Gartner Predicts a "Revival" of the Global PC Market in 2014

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limitbreaker

This proves that the reason pc market have been stale is only Microsofts fault. They needed a powerful and robust desktop OS that would require an i7 4770 just for recommended cpu because of crazy innovative and power hungry features. Every generation of windows until windows xp have always needed a faster pc with more features to keep up with (from all the back to Windows 3.1 to 95,98 and xp).

With a 5 year old laptop or desktop running so well with current software makes it hard to justify a new machine. Ever since core 2 Quad, the only essential upgrade to the pc has been the video card, if you ran it with a gtx780ti you could easily run any game on max setting without a single Hickup. It is software that drives hardware sales and unfortunately things have been going backwards since windows 7, making things faster on low end machines. Windows 8 essentially being designed for tablets...

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Granite

Damn that MS!!

They just HAD to go and make an OS that does everything Win7 ever did...but didn't require a hardware upgrade to use.

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limitbreaker

Sarcasm aside, not needing hardware upgrades means a hardware market that only goes up 15% only in performance. All I'm saying is that Microsoft should have put in more features into the new Windows that legitimately needed more power. I want a windows that'll use up my resources in the pc, not a Nokia phone OS. Lol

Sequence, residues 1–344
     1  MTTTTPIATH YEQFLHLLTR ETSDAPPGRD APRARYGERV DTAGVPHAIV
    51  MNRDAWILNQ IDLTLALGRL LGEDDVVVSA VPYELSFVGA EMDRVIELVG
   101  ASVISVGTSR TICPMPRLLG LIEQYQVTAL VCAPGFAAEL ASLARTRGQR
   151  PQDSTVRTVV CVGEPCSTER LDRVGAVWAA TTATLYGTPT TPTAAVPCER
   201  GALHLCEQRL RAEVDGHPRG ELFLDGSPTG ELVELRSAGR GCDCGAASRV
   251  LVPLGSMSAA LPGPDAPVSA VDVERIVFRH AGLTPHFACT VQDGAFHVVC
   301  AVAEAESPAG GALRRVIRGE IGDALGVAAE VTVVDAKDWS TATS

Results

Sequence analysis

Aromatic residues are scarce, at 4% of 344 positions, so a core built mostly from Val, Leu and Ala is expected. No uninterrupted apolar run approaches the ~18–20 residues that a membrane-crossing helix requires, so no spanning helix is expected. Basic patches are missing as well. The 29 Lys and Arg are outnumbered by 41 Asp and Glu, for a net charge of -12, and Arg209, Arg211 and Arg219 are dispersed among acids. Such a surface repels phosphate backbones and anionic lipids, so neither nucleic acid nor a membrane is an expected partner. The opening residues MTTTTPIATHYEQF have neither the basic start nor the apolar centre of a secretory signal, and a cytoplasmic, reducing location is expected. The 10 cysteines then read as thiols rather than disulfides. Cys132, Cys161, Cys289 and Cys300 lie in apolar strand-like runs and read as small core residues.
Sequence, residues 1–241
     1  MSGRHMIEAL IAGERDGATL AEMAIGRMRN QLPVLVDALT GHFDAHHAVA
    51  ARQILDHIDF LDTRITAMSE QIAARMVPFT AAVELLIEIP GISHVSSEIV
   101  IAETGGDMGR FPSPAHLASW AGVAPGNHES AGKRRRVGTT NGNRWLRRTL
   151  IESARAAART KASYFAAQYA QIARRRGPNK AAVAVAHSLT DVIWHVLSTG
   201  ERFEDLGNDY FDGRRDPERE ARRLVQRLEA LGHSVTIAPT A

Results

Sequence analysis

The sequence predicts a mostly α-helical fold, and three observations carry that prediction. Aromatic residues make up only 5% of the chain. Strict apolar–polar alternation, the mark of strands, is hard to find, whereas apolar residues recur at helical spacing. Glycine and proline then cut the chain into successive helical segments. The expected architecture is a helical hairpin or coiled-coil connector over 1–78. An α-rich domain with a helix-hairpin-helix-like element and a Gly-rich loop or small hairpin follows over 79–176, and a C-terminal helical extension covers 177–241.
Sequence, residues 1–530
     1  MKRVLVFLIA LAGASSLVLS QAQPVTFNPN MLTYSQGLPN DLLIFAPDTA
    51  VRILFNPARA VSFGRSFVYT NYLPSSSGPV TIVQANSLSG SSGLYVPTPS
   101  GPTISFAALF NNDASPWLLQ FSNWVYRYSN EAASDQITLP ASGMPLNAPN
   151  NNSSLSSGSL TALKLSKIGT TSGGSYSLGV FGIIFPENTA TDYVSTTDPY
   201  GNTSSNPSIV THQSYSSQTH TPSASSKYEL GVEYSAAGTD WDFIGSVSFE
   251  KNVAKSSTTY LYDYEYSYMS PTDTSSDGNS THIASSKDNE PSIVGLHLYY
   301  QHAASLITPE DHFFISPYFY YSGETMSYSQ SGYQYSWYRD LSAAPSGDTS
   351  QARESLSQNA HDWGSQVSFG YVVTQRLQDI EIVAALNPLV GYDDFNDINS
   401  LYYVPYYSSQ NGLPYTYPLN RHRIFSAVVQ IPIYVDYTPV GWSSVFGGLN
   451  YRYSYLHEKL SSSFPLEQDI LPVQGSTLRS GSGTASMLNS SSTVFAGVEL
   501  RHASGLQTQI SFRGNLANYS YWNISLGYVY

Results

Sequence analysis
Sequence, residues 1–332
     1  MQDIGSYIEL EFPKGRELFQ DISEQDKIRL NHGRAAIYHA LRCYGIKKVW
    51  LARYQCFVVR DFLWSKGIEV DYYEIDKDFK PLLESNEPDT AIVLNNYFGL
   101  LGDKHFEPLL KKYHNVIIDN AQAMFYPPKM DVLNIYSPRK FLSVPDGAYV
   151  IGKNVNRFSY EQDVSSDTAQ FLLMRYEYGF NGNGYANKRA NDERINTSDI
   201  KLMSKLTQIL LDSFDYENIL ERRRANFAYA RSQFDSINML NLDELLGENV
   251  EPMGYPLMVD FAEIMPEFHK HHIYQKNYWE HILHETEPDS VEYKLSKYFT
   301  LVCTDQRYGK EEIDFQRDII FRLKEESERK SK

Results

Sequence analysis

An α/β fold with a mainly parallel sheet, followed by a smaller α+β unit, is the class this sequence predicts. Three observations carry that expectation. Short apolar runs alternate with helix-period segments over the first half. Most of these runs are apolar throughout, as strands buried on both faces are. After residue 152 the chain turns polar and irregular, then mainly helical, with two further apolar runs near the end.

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Hey.That_Dude

I want an OS that is light on resources, but supports APIs that can match my PC's abilities.

I.E.) Do you have a QHD screen? COOL, the OS will scale to that and provide a means for all programs used with it to easily scale to that.

Do you have an Embedded and Discrete Graphics card (even in your desktop)? COOL, here's support for switching between the two and deciding on which programs run on which graphics processor, regardless of brand (Intel, AMD, NVidia).

Do you Dual Boot? Here's a nice interface for that (Win8 actually did this very well and I was impressed).

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Granite

I'd rather have an OS that doesn't stomp a large footprint on my system, is able to utilize a wide range of hardware configurations and lets the resources be available to the software that I use.

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LatiosXT

Microsoft tried that with Windows Vista and look what happened to that. Honestly, I'd rather have hardware requirements kept light. This has plenty of pros, such as:

* Faster adoption of the software, which means better support for it.
* A person gets to keep their old computer. It sounds a lot better for someone to pay $100 for a new version of Windows than it does $800 for the bare minimum such a PC may need to have to run something like the jump that was XP to Vista smoothly.
* People with newer computers get to enjoy a "better" experience, whatever that means.

Also you don't want system software that uses up all your resources. Go ahead, try it. Use Windows XP on its minimum requirements (which is a 233MHz processor and 64MB of RAM).